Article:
Latin America countries, but poor management at the parent
level made it difficult to secure product lines.
"The operation of the business, as in any business in a
bankrupt state, was suffering," said
Zygmunt Brett a partner at
Arias & Muñoz who represented Regal Forest. "The
sourcing of the products was not good, and this aspect is key
to the franchise."
Globally, 20% of RadioShack’s stores were run
by franchisees. These contracts were sold in the bankruptcy
agreements, but the new owners intend to make changes.
In Latin America, Regal Forest plans to adjust contracts in
each country rather than all at once so they can be tailored to
the market and local law.
Brett said: "There is no specific franchise regulation or
law per se in most countries in Central America, so you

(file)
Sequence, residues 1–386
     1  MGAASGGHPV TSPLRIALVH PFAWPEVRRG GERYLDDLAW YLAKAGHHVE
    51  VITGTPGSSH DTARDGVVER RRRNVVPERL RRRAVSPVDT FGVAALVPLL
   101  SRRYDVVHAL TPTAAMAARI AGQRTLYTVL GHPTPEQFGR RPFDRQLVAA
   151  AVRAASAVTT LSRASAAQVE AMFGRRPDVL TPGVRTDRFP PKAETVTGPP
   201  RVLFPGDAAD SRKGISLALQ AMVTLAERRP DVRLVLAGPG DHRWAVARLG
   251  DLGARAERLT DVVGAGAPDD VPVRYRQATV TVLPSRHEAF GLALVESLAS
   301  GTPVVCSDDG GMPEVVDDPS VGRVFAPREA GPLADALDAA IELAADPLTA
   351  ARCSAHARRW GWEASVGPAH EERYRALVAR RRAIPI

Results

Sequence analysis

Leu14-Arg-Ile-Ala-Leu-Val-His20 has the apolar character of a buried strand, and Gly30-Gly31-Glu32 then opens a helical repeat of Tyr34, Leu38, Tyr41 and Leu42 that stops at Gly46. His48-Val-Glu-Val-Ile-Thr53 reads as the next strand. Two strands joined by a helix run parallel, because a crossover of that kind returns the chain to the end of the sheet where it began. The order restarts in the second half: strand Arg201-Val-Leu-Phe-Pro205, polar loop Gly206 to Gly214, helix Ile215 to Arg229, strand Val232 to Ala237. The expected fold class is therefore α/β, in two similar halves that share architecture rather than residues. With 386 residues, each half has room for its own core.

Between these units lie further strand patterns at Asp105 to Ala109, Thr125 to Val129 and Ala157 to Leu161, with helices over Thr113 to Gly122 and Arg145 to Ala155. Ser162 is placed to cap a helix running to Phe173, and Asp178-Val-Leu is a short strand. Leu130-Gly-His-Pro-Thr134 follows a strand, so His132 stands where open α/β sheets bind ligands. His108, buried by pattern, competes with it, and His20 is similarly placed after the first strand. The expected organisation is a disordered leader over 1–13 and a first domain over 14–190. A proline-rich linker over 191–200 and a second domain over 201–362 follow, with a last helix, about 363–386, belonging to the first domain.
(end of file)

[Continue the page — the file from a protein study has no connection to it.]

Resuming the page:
normally regulate the relationship through distribution
They will also need to battle brand pairing that has taken
place in some countries against the terms of the contracts.
Franchisees in some countries have leveraged the reputation of
RadioShack to grow their own labels. Regal Forest will have to
either get them to stop or give up their contracts in the
jurisdiction so that it can control the company’s
image moving forward.
US franchisees will be renegotiating their contracts too.
General Wireless refused to accept the licensing agreements as
they were when it won the second auction. Franchisees had
expressed their willingness to form new contracts allowing
General Wireless to keep these stores on the market while
revamping the corporate framework.
Detroit’s bankruptcy saga
comes to end
Insolvency & corporate reorganisation report
POLL: the world’s best restructuring